GROWTH Education Workshop

During July 28 and 29, our GROWTH collaboration hosted the first of its education workshop. This meeting featured attendance by over 30 professors, postdoctoral researchers and graduate students, representing 18 different institutions and five countries. During the meeting we presented innovative courses in astronomy at our campuses, which includes the US institutions of Pomona College, Williams College, Caltech,  U. Maryland, U. Wisconsin Milwaukee, San Diego State University, Cal State San Bernardino, and from our international partners, Stockholm University (Sweden), Tokyo Institute of Technology (Japan), IUCAA (India), Yale-NUS College (Singapore), and the University of Western Ontario (Canada).

Our Education Workshop also developed two of our main curriculum tracks. This includes a global observational astronomy course which I am leading and working to link together our students and institutions in a global educational collaborative community. In this new course, teams of students will be linked together to collaborate on their observations of supernovae, asteroids, and other time-variable objects, and the instructors can co-develop educational resources such as tutorials on observational astronomy, guides to accessing datasets and performing advanced “big data” analyses, and guest lectures on advanced topics in astrophysics. I am also eager to develop remotely operated telescopes, such as the new LCRO, as a jointly operated facility that undergraduates around the world can use in their research, even performing many of the same activities as in research telescopes. The hope is that this facility will feature a proposal mechanism, fielded by advanced students, a set of tutorials on usage and data analysis, and even an on-line journal for students to publish some of their findings and ideas.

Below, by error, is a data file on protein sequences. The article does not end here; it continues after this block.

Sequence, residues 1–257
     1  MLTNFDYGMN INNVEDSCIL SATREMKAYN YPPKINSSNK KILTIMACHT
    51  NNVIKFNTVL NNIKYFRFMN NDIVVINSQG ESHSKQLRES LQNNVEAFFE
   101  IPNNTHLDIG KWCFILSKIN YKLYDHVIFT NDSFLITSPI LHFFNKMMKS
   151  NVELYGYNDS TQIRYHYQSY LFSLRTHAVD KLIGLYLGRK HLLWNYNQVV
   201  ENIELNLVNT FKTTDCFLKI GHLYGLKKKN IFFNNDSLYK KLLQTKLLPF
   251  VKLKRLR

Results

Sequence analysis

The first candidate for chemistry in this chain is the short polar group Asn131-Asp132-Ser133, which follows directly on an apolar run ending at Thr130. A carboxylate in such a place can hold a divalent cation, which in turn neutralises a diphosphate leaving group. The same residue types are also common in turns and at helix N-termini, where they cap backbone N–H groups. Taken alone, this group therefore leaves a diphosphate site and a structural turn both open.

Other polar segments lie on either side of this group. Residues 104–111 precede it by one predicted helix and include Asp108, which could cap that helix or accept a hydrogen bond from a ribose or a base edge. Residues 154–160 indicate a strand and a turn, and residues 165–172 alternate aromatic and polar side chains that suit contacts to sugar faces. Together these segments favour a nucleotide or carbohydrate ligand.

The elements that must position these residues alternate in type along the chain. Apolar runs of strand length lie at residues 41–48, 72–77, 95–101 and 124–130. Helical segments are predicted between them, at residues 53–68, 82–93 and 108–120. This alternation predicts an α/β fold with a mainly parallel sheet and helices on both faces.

The non-majors course curriculum will also be expanded, and this effort will be centered at the University of Maryland where Stuart Vogel and Melissa Hayes Gehrke are leading classes observing asteroids, and developing curriculum that makes use of the ZTF variable star database, and other exciting new discoveries. This non-majors class has a great potential to widen participation in science among diverse groups of students, including many under-represented minority students and first-generation students. The University of Maryland joins three of the Cal State campuses (SDSU, Cal State San Bernardino, and Cal Poly San Luis Obispo) and U. Wisconsin Milwaukee, as well as our larger group of scientific collaborators.  Our education team includes members at several large universities that have substantial populations of students that could be recruited to be part of the next generation of astrophysicists.

The meeting included a full  day of talks sharing curriculum, and innovative observing exercises among our team. We also enjoyed a great workshop on active learning techniques by Melissa Hayes Gehrke on the second day, and a very productive discussion about next steps linking our campuses together in the coming academic year.


Talks at our Caltech GROWTH Education Workshop – July 28-29, 2016. This program is also online at




Below are some of the attendees of our GROWTH science meeting and workshop who will be collaborating with us in our educational initiatives. This group includes over 30 GROWTH scientists, representing 18 different institutions and coming from five countries.

Alex Urban Caltech
Ashish Mahabal Caltech
Brad Cenko NASA-GSFC
Bryan Penprase Yale-NUS College and Pomona College
Carol Hood California State University, San Bernardino
David Drew Claremont Graduate University
Hidekazu HANAYAMA Ishigakijima Observatory, Japan
David Kaplan University of Wisconsin Milwaukee
Iva Kostadinova Caltech
Jay Pasachoff Williams College and Caltech
Jessica Sutter University of Wyoming
Joe Swiggum University of Wisconsin – Milwaukee
Louise Edwards Yale University/CalPoly SLO
Mansi Kasliwal Caltech
Martin Elvis Harvard University
Melanie Kae B. Olaes San Diego State University
Melissa Hayes-Gehrke University of Maryland
Nadejda Blagorodnova Caltech
Nobuyuki Kawai Tokyo Institute of Technology
Philip Choi Pomona College
Quan-Zhi Ye The University of Western Ontario/Caltech
Robert Quimby SDSU
Ryan Lau Caltech/JPL
Seméli Papadogiannakis Stockholm University, Oskar Klein Center
Shri Kulkarni Caltech
Sk Javed Rana Inter-University Centre for Astronomy and Astrophysics
Stuart Vogel University of Maryland

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